Source - telegraph.co.uk
One of the most crucial meetings of the International Cricket Council begins in Dubai on Monday with the Indian Premier League dominating the agenda.
Giles Clarke, chairman of the England and Wales Cricket Board, will be there to clear up rumours that the Champions Twenty20 League - the carrot used by the IPL to secure co-operation from the ECB and 18 first-class counties - is a mirage.
The Champions League is being used to persuade the English authorities to steer their players away from the rebel Indian Cricket League, but the tournament may not get off the ground.
Next week is a test for the ICC, giving them a chance to harness the power of the IPL for the good of cricket rather than for the businessmen who run cricket in India.
England are not the only country to have concerns. In Australia, talk is that the authorities may demand compensation for the international retirement of Adam Gilchrist, one of the first stars to announce he was joining the IPL.
In Sri Lanka, the national board have failed to reach agreement with Kumar Sangakkara and Muttiah Muralitharan, the world's top-ranked Test batsman and bowler, over their new contracts. Sri Lanka Cricket wants them to guarantee their availability for their domestic teams at any time of year, but the players are looking at the wages on offer in India and suggesting that the IPL should come first.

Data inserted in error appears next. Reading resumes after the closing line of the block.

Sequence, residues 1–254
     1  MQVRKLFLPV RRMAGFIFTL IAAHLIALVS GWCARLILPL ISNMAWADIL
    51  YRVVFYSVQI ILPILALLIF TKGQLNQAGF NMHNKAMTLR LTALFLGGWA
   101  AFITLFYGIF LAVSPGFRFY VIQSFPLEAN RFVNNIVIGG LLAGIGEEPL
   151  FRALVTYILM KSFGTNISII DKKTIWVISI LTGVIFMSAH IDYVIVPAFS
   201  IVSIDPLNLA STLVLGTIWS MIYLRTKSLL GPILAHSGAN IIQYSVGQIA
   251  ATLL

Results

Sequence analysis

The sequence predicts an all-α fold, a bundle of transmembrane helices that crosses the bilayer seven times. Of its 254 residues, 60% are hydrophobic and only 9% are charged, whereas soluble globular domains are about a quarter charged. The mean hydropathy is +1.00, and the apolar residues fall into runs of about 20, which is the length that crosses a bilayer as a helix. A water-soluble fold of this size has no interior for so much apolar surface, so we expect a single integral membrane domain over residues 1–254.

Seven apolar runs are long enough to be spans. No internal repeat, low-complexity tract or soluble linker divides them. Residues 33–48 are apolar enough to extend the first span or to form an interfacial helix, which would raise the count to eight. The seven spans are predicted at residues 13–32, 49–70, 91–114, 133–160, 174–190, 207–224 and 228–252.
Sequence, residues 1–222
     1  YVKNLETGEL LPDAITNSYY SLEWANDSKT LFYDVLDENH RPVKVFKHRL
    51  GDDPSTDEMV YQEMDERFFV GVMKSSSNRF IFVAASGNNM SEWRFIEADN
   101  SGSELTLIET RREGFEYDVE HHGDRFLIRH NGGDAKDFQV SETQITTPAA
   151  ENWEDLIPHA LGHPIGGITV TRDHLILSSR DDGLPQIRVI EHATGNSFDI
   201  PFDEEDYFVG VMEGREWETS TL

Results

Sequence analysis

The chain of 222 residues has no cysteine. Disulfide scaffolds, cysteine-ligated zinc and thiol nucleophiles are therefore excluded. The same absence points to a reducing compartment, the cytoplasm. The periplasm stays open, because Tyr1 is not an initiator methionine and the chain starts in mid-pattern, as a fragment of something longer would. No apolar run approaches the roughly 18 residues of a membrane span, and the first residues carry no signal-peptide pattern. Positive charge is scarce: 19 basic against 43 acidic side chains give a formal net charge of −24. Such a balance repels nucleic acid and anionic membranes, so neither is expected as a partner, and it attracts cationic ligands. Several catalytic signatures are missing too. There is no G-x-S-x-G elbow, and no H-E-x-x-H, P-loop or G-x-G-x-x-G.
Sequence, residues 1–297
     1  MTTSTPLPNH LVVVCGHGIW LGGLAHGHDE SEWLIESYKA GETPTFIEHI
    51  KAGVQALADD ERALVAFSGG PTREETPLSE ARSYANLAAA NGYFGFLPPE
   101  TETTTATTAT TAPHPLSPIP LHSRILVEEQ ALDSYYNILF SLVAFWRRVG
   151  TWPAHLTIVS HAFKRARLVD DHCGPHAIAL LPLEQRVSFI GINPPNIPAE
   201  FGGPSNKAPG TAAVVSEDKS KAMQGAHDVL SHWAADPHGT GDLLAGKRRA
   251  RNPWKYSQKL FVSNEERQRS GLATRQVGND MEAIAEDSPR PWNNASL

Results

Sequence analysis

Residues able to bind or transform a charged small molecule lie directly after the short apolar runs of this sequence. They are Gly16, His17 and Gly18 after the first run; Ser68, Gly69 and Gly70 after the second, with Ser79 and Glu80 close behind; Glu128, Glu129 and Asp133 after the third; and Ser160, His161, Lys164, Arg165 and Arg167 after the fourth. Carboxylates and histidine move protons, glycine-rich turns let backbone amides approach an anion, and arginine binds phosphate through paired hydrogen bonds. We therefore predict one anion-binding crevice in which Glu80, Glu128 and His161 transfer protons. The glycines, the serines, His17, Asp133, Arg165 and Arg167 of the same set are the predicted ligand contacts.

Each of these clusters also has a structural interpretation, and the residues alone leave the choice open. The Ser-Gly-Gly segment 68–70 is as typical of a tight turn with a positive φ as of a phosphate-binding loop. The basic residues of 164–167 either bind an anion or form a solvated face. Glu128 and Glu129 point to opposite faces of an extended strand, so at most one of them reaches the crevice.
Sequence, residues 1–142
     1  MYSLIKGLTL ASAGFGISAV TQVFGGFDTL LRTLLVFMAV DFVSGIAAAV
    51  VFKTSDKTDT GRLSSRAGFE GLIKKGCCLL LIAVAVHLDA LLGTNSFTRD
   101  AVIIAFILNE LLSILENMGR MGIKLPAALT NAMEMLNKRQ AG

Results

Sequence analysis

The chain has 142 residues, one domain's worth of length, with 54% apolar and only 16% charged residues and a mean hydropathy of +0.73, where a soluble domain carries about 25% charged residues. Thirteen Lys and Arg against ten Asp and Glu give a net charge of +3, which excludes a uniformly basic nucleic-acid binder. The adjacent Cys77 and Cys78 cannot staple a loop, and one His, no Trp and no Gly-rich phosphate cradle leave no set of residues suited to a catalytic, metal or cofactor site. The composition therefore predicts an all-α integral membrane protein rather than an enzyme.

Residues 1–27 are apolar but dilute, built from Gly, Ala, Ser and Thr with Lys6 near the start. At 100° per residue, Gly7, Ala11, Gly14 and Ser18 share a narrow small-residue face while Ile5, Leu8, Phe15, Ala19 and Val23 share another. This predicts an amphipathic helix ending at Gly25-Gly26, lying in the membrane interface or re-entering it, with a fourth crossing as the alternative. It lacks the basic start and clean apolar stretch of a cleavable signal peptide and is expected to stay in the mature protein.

If Australia lets its players participate there will be 64 overseas personnel taking part in the first IPL season, earning close to $24 million, but the national boards, who discovered and developed these players, want to know what they are going to get out of it.
The issue will be complicated if IS Bindra, an Indian businessman who sits on the IPL's governing committee, is appointed to succeed Malcolm Speed as the ICC chief executive. Bindra is the favourite to win the post ahead of two South African candidates.
The misappropriation of funds by Zimbabwe Cricket is also on the agenda, and the outcome could have a bearing on their tour to England next year.
The KPMG report into financial irregularities within ZC will be delivered and any action taken against them could help the ECB get out of Zimbabwe's two scheduled visits to England in 2009.